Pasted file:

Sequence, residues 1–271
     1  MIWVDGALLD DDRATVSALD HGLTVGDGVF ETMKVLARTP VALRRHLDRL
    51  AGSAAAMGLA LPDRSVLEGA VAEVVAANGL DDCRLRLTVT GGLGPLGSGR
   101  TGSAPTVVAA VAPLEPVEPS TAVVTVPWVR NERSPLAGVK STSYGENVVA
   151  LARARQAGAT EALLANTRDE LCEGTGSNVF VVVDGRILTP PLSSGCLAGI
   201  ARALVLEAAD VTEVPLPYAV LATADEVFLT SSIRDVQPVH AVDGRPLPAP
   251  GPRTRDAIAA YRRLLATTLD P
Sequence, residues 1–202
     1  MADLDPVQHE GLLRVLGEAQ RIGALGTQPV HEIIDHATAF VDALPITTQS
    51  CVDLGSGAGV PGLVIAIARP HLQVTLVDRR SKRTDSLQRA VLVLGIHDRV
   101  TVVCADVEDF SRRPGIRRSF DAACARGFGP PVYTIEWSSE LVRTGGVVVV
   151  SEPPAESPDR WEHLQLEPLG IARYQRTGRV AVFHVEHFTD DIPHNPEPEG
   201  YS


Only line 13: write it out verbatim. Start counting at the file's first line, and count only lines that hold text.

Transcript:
   201  YS